Gwangju car factory will disrupt marketThe agreement between the southwestern city of Gwangju and Hyundai Motor late last month to open a car factory in the city with reduced wages for workers could disrupt the domestic auto market.
The so-called Gwangju employment plan is intended to create jobs in the city and help Hyundai Motor be more competitive. It’s a novel business model. Gwangju will own the largest stake in the company and offer housing and welfare support to workers to compensate for their comparatively low wages.
The Gwangju factory is supposed to produce 70,000 to 100,000 Hyundai Motor mini-class SUVs annually starting from 2021.
That will change the local car market in a big way - with Hyundai getting a big competitive advantage over rivals in the mini-vehicle market, a segment dominated by local automakers.
Vehicles in Korea are categorized largely by engine size. The mini class refers to cars with an engine size of less than 1,000 cubic centimeters (1 liter), and are distinguished from small-class vehicles, which have an engine size of between 1,000 cubic centimeters and 1,600 cubic centimeters.
Last year, 127,429 mini-class vehicles were sold domestically. Considering that the market is expected to remain at similar levels past 2021, for the Gwangju factory to maintain production levels at full capacity and be deemed a success, Hyundai Motor will have to capture 80 percent of the mini-class segment.
Hyundai Motor’s sister company, Kia Motors, is current king of the mini segment in Korea, holding 67.5 percent of the market share last year with its Morning. (Other top mini-class models include Kia’s Ray and GM Korea’s Spark) There are concerns that the mini SUVs coming out of the Gwangju factory will simply wipe out Kia’s success in the segment.
And sales of cheaper mini models can have a ripple effect on other segments, especially in a market that is declining overall. Domestic sales of all local cars dropped last year to 1.546 million units from 1.6 million units in 2016.
GM Korea, which struggled last year and even closed one factory, relies on mini vehicles. Last month, 42.8 percent of the automaker’s domestic sales were of vehicles in that segment.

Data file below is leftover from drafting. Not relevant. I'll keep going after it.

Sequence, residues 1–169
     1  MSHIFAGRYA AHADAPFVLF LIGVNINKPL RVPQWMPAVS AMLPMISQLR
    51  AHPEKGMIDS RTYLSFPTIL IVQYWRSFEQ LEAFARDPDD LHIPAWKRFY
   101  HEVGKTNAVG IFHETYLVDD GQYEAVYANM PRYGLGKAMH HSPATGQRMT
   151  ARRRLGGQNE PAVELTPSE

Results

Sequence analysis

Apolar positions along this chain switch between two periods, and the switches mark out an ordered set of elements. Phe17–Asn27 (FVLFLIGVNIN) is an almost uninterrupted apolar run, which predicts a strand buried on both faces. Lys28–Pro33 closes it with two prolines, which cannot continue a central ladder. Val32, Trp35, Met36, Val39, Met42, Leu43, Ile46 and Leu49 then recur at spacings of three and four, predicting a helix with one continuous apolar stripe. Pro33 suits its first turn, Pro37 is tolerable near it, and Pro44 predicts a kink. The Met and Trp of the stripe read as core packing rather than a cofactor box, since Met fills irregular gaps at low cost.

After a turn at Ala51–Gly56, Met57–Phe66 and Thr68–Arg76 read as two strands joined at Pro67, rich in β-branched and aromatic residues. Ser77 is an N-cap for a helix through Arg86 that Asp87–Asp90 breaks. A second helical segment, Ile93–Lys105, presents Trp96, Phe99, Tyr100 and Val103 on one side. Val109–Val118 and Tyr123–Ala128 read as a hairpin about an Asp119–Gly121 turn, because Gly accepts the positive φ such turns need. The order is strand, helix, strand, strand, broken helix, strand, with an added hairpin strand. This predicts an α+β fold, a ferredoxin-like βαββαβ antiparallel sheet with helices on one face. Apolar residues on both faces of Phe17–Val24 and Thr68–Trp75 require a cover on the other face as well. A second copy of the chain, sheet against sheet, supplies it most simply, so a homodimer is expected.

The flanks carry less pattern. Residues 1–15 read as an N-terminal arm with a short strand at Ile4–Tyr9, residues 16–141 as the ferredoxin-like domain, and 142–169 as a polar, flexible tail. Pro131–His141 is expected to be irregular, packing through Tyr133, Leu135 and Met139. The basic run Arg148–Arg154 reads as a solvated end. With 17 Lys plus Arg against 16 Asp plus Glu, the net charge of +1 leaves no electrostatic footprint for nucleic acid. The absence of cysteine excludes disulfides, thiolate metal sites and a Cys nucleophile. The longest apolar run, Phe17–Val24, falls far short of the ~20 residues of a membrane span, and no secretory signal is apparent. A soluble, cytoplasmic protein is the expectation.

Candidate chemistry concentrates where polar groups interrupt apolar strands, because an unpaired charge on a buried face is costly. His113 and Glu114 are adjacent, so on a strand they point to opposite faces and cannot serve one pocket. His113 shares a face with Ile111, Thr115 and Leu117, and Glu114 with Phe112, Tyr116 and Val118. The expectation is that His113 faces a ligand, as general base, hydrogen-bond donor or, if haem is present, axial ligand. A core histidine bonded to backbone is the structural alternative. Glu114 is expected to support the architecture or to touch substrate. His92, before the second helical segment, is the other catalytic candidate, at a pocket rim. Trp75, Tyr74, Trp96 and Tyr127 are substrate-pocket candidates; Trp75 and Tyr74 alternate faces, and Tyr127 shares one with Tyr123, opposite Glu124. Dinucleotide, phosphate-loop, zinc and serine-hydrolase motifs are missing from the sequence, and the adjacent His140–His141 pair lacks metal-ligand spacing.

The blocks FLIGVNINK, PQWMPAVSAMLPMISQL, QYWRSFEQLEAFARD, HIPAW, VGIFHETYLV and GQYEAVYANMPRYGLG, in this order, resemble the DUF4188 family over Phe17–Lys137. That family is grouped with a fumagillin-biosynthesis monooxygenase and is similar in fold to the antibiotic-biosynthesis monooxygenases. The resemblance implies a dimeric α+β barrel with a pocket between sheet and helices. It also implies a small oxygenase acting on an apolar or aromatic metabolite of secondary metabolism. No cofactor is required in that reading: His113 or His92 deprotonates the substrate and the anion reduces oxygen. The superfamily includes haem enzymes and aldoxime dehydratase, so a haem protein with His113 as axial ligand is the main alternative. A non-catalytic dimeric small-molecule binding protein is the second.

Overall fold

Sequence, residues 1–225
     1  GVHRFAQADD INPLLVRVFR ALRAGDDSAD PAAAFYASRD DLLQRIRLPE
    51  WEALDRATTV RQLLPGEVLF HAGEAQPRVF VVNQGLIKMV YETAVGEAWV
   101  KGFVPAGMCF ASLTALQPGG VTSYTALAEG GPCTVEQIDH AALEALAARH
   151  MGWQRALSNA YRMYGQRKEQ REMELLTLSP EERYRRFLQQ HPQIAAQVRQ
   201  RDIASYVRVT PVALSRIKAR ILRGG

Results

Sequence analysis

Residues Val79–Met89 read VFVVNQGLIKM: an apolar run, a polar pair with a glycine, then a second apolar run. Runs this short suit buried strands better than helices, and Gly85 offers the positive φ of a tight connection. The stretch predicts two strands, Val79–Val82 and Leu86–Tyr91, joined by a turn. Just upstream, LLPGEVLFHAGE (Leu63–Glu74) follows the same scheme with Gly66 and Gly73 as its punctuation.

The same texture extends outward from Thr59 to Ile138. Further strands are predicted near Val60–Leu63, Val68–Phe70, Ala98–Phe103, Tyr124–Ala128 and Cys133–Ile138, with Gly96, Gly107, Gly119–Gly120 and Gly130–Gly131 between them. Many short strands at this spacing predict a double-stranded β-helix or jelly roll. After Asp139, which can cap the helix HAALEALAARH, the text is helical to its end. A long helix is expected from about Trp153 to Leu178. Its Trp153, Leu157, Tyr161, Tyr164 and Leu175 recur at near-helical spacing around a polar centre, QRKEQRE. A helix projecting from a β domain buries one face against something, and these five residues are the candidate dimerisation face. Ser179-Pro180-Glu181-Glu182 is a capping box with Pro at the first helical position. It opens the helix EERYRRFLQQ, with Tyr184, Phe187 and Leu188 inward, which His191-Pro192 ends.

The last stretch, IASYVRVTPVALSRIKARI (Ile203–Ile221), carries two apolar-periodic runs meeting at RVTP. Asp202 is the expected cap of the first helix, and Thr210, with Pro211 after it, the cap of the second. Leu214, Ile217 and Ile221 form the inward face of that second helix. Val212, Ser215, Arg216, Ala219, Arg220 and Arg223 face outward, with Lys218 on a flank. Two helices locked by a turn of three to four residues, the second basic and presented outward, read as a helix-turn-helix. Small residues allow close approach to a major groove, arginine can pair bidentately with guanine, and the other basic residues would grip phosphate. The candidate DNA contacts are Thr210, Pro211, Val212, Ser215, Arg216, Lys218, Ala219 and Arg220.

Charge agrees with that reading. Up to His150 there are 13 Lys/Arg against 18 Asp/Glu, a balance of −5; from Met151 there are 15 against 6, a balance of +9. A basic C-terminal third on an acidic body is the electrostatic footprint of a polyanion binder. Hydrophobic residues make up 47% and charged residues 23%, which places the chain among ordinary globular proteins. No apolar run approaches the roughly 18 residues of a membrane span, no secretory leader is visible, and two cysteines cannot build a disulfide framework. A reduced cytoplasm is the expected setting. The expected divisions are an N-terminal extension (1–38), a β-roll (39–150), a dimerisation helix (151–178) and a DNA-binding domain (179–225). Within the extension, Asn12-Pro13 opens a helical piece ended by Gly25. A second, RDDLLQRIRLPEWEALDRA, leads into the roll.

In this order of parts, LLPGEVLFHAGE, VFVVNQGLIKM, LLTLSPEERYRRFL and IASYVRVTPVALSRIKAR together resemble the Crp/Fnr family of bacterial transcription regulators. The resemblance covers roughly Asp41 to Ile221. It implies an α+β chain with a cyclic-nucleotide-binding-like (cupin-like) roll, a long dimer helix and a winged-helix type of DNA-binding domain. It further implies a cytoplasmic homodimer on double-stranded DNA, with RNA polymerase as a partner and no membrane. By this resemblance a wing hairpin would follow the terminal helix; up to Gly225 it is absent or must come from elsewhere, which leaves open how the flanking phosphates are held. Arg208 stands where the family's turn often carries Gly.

Meanwhile, Hyundai Motor is starting production of a new small-class vehicle, the Venue, as early as June at its Ulsan plant. The vehicle is slightly smaller than its Kona SUV but is categorized in the same small class.
As Hyundai Motor Group bolsters its small-class lineup with the Kona and Venue and Kia Motors’ Stonic, the small-class vehicles could threaten the market competitiveness of the mini-class vehicle from the Gwangju plant.
Hyundai Motor claims its small-class vehicles won’t compete with the mini SUVs from Gwangju.
The Gwangju plant’s success ultimately relies on increasing the market for mini vehicles. Hyundai Motor will try to recreate its success with its small-class Kona SUV, released in 2017. The local small-class SUV market, which was 9,215 units in 2013, grew to over 150,000 units last year. The growth of the market was largely due to the popularity of SsangYong Motor’s Tivoli and Hyundai’s Kona.
If the Gwangju plant finds success in exporting its vehicles, the plan could become a sustainable business model.
Hyundai Motor gave up on domestic mini-vehicle production in 2002 as the manufacturing cost was greater than the selling price. But in Gwangju, it will be paying factory workers 35 million won ($31,100) in annual salaries - less than half what it pays workers in other factories.
“If the vehicles sell well, the Gwangju employment plan could expand across the country as a new business model,” said Sung Tae-yoon, an economics professor at Yonsei University. “If it fails to appeal to customers, the plant will have to shut down in five years.”
BY MOON HEE-CHUL [firstname.lastname@example.org]
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